the rattle of
a bold rat

poverty grown so great
we have just one another

Erasure poem derived from The Diary of Samuel Pepys, Friday 9 August 1667.

Death Asks for Pictures on his Scythe

~ after Hugo Simberg; etching, 1897

It's as personal as getting a tattoo:
     only it's not a forearm or chest Death 

offers, but the face of his blade. 
     How patiently he waits, legs crossed, 

one bony arm draped over his lap, 
     as the artist bends over his work. 

He's sketching in the bodies of two 
     lovers oblivious to anything but

the sharp edge of their pleasure. 
     Though the scene is also scratched on

a surface of metal, I imagine the bright
     peacock blue of the bedspread, a faint 

breeze coming through the window. The stain 
     tender on their lips, a faint shimmer   

on their thighs ending in the darker 
     shadow of the V where they meet. 


Not from the throat, said Lorca; but a current
passing as if from the earth, through the soles

of the feet. Sometimes, even the very young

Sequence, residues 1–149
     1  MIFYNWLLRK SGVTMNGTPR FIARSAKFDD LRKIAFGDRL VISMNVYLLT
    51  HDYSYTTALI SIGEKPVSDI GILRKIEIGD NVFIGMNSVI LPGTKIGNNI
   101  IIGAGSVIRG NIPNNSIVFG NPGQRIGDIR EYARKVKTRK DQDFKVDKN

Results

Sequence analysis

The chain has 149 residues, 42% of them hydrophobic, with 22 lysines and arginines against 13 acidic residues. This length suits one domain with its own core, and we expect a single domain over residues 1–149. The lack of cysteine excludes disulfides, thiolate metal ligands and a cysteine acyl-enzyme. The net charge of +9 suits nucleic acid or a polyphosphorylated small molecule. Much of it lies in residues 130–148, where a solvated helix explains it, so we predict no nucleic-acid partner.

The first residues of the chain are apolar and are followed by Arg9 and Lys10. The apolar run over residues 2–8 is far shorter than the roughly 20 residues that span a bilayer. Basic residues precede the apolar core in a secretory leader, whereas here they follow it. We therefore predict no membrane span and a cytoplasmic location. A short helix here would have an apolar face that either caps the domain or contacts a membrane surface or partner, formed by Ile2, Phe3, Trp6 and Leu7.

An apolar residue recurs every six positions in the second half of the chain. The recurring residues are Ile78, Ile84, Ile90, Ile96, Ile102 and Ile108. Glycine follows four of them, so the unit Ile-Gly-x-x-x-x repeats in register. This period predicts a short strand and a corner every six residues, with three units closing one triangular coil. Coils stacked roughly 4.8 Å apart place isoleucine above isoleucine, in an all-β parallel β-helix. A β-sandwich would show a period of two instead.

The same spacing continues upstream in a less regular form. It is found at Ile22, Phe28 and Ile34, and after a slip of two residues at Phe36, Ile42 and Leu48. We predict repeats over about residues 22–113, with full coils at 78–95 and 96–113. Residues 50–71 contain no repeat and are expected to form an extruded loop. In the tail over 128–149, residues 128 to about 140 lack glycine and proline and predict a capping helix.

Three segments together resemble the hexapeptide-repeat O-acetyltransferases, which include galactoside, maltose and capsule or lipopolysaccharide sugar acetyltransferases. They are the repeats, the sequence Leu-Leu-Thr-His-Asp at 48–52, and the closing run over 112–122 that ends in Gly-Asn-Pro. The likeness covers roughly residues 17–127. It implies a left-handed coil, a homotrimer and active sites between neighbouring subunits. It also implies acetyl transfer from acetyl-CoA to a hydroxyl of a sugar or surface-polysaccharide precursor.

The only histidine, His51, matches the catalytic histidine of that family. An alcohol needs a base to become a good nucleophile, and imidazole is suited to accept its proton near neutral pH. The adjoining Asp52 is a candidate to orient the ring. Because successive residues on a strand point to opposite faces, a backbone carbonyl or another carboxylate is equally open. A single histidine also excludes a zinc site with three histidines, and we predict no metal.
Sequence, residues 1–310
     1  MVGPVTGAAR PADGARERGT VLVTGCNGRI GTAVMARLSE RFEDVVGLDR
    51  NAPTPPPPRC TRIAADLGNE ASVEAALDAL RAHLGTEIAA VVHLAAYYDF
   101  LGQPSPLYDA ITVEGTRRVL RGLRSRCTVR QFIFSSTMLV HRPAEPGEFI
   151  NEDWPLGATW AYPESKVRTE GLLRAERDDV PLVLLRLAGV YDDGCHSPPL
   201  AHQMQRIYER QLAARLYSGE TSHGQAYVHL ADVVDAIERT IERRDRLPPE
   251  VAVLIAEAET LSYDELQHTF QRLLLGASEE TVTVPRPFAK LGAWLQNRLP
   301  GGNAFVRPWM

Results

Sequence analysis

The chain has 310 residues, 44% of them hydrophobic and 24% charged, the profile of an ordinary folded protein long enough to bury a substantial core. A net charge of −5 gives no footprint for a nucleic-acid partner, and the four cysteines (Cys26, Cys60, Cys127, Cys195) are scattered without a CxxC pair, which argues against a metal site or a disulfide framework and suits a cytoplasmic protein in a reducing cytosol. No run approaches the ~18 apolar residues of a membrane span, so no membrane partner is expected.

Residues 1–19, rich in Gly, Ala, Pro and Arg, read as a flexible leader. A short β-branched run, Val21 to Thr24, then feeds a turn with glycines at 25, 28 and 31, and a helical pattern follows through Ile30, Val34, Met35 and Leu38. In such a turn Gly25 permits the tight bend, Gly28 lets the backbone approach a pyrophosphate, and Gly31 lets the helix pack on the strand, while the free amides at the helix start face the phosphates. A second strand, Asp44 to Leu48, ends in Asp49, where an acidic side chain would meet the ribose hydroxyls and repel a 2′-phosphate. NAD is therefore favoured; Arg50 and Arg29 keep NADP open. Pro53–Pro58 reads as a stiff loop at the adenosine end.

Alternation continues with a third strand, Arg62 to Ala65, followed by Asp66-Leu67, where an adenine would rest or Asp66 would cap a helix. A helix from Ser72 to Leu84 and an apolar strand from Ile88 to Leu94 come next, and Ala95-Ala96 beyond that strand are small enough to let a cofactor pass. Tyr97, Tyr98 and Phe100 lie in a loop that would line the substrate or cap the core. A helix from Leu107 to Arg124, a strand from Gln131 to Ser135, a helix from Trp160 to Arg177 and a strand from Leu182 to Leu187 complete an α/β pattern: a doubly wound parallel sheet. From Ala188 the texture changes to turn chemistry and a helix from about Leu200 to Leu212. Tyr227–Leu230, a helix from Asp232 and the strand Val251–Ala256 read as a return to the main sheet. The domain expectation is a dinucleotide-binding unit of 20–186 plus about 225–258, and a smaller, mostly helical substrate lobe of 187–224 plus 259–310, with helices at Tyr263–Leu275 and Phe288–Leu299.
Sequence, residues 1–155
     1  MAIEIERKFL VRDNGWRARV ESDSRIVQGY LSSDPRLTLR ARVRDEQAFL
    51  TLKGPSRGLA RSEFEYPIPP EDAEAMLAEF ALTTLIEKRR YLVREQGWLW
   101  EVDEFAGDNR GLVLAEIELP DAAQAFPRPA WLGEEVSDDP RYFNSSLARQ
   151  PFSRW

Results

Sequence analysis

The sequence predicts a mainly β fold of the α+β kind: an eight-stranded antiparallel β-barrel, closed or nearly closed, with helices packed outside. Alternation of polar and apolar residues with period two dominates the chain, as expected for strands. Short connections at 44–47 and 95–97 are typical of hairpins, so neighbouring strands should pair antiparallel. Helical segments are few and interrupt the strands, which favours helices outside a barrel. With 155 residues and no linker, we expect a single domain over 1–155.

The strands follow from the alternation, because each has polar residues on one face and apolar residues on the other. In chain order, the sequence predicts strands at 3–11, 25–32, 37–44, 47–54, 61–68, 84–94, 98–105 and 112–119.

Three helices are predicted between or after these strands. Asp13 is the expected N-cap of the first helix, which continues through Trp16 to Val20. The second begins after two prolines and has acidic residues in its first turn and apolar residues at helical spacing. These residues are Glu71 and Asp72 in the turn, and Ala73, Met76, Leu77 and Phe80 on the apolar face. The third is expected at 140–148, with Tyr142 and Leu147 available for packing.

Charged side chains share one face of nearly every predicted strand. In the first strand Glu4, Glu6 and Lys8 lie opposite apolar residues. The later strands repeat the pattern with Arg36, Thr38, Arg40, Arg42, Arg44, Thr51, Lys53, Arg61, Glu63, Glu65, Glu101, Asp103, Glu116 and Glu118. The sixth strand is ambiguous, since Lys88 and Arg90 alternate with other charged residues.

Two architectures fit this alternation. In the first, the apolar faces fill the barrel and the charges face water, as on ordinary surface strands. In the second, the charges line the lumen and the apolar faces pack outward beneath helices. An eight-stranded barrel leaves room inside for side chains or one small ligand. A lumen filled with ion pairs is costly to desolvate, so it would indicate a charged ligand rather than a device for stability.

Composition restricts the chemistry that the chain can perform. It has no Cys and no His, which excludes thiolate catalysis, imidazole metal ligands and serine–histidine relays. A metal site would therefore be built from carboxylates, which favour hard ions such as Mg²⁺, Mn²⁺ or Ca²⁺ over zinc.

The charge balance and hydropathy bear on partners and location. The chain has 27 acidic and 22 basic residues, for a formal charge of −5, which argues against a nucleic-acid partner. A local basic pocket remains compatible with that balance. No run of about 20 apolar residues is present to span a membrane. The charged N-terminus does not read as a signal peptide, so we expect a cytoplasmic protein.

are seized by it when they open their mouths 

to sing; then the voice deepens and colors
alongside of trembling guitars. Waterfalls

pour unstoppable from dark clefts of rock.
Or is it the sound of a heart being rolled

up a hill then hurtling down on the other 
side? I wonder if Sisyphus cried out or sang

under his breath as he pushed eternity 
up to its pinnacle, only for the boulder

to drop without pity back to its sandy
beginnings— Down in the marketplaces

of everyday life, the roosters crow  
and fish thrash in their baskets. Oxen

pull the plow through the earth, which closes 
its seams almost as soon as they're opened.